Threats of Starvation, Violence Follow Quarantine of Tens of Thousands in Liberia

Threats of Starvation, Violence Follow Quarantine of Tens of Thousands in Liberia

Sixteen-year-old Shaki Kamara, a resident of Liberia’s impoverished West Point slum, has become the face of the terror ravaging Monrovia as the government attempts to fight the growing Ebola epidemic. Kamara was shot by police during violent exchanges between law enforcement and West Point residents quarantined into their neighborhood with little food and water.

The gruesome image of Kamara’s leg injury and subsequent death is the top story at Liberia’s largest newspaper, The Observer. Kamara, the newspaper reports, was denied treatment at several hospitals before dying in a pool of his own blood, as hospitals are on notice that anyone from West Point could be carrying Ebola.

The Liberian government quarantined the West Point neighborhood, which is believed to be the home of anywhere between 60,000 and 120,000 Liberians, in the early hours of Tuesday morning after a group of rioters attacked and looted an Ebola clinic in the area. Authorities grew alarmed that Ebola would spread rapidly throughout the densely populated neighborhood as looters attempted to sell hospital supplies like bedsheets and medical equipment, some believed to be drenched in the blood of Ebola victims.

The government issued the quarantine notice after authorities announced they had rounded up a number of Ebola victims that fled the clinic during the violent looting. With Ebola victims loose in the streets and items carrying the blood of Ebola victims spread throughout West Point – a neighborhood whose number of public toilets is in the single digits – the government chose to cordon off the area rather than risk such dangers spreading throughout the nation’s capital.

The quarantine quickly led to violence when residents awoke to find police surrounding their neighborhood. No one is allowed to leave West Point without permission, and the government continues to struggle to bring in enough food and water for the thousands within the quarantine zone to survive. Residents threw rocks at police and attacked in any way they could as merchants within the quarantine zone spiked prices for food, particularly rice, which has “increased to anywhere between L$75.00 and L$100.00, up from L$20.00 and 30.00 prior to the quarantine.”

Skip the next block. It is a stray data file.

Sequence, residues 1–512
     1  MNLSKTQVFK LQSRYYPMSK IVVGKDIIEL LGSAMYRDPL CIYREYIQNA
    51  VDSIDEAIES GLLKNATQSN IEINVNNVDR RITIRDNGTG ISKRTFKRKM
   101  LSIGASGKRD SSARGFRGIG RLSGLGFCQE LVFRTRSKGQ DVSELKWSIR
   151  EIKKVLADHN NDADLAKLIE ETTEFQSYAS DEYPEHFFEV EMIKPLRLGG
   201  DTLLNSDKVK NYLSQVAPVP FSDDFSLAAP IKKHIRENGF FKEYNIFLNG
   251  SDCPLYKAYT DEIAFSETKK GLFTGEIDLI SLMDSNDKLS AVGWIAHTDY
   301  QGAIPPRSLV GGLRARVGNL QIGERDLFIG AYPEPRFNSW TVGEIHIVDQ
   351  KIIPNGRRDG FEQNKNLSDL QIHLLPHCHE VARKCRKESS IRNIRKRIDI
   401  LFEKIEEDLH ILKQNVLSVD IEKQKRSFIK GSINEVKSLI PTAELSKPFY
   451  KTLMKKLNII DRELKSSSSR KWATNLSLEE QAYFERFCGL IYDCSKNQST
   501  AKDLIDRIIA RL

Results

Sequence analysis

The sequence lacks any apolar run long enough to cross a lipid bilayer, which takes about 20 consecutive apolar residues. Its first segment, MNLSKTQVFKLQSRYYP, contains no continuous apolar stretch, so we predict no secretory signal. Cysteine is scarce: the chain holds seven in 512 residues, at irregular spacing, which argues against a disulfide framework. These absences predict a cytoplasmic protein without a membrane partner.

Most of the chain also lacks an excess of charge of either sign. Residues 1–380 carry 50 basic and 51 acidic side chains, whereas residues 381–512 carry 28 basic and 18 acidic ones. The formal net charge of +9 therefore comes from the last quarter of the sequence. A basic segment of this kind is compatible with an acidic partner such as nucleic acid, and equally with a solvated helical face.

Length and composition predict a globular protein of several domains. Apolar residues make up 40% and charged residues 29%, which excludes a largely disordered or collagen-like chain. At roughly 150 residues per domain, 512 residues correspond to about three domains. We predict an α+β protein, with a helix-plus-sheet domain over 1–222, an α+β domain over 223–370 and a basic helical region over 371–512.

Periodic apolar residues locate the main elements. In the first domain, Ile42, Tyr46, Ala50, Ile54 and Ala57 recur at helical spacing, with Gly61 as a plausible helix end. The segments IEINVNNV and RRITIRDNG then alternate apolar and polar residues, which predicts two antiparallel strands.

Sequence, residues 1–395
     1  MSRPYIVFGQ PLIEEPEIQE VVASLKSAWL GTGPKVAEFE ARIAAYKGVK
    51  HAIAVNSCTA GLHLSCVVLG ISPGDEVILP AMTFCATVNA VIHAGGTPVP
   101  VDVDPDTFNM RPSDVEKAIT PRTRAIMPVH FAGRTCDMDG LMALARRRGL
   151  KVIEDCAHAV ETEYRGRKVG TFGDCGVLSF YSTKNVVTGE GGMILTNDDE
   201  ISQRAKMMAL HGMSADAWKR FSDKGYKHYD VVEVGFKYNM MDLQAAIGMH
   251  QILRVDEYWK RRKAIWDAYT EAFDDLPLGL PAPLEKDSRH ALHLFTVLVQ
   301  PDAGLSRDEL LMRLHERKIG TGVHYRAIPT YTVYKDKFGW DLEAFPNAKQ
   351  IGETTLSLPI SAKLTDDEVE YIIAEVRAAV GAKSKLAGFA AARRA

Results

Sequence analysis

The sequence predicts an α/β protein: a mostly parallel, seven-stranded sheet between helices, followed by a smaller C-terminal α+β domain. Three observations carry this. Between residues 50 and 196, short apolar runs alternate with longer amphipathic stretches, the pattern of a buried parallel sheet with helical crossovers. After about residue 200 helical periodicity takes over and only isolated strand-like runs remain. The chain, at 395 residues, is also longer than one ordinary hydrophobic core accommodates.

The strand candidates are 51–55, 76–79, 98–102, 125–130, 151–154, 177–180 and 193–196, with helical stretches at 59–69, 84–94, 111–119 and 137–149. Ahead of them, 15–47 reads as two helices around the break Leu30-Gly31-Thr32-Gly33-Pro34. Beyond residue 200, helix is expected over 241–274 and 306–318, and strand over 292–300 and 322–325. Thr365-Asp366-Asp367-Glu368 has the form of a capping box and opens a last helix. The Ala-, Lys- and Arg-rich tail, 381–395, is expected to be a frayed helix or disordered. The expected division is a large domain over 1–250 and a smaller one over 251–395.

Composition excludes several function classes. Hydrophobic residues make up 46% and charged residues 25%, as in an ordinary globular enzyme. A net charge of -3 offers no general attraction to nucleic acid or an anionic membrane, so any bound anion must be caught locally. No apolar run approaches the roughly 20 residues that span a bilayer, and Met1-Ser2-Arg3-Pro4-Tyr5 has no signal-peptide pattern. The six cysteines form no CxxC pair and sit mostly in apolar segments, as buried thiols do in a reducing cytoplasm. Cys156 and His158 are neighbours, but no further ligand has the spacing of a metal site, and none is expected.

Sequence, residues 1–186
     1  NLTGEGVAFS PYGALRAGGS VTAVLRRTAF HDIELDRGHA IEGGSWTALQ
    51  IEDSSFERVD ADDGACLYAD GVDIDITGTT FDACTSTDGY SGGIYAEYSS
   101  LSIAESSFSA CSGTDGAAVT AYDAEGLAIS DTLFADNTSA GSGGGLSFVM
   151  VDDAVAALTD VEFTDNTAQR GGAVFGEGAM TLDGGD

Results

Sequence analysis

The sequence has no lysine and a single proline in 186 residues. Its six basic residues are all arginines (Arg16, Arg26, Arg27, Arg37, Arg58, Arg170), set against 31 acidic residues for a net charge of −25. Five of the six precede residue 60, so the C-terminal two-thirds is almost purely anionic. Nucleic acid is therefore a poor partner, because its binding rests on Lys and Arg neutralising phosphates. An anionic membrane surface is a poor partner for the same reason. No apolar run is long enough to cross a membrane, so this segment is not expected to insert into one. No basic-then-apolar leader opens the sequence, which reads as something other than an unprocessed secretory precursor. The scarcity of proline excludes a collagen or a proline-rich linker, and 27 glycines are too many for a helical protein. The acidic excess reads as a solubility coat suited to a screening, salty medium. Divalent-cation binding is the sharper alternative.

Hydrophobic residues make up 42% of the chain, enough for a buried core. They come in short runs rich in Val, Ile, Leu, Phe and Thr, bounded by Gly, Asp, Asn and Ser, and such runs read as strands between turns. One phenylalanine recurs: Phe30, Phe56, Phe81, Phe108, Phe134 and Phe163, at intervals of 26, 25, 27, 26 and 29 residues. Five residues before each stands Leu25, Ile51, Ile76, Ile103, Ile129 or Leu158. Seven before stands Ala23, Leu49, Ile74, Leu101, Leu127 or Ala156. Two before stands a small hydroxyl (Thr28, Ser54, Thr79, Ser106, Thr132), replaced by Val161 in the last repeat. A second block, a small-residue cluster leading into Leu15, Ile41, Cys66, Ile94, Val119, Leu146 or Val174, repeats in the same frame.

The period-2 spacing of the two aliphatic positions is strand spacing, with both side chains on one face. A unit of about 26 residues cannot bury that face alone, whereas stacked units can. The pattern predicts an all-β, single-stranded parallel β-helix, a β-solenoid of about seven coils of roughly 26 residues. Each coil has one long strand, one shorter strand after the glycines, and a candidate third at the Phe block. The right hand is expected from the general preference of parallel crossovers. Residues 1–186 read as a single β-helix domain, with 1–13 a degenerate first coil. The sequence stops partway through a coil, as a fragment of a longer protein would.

Police, in response to rioters, shot bullets and muscle blast at the mass of people attempting to break through the quarantine barricade, which included not only West Point residents but those who were trapped within Township limits during a visit and could not return home.

Liberian authorities are actively denying that police have orders to shoot. Defense Minister Brownie Samukai told the Observer and others at a press conference that such orders would have to come directly from President Ellen Johnson Sirleaf and have yet to do so: “Orders to the soldiers in the case of any [eventuality] will have to come from the C-I-C, who is the President of the country. Right now, we have not received such an instruction to shoot and/or kill, because that order is not reflective of the C-I-C’s mandate and of the Liberian refurbished army.”

While the violence appears to have subsided in the past two days, residents’ desperation facing food shortages threatens to stoke the flames of violence as well. The Toronto Star reports that police efforts to distribute food and water were being conducted at a slow and steady rate through a sliver in the quarantine barricade on Thursday. Moses Browne, an aid worker with the group Plan International, told the Star West Point “is in an anarchy situation:” “We’re not just fighting Ebola here, we are fighting hunger, too.”

The death toll from Ebola in West Africa has broken 1,350 so far, according to the World Health Organization’s official estimates. Many consider this number low, as many of Ebola’s victims remain obscured in barely reachable rural areas, and many others carrying the virus are still asymptomatic, as the virus takes one to three weeks to begin making its carrier ill. While the virus remains the primary threat to life in West Africa, the repercussions of struggling against the virus – quarantines, exhaustion of medical resources, and lack of amenities generally – threaten the population at comparable rates to that of Ebola itself, particularly in impoverished and densely populated urban communities like West Point.


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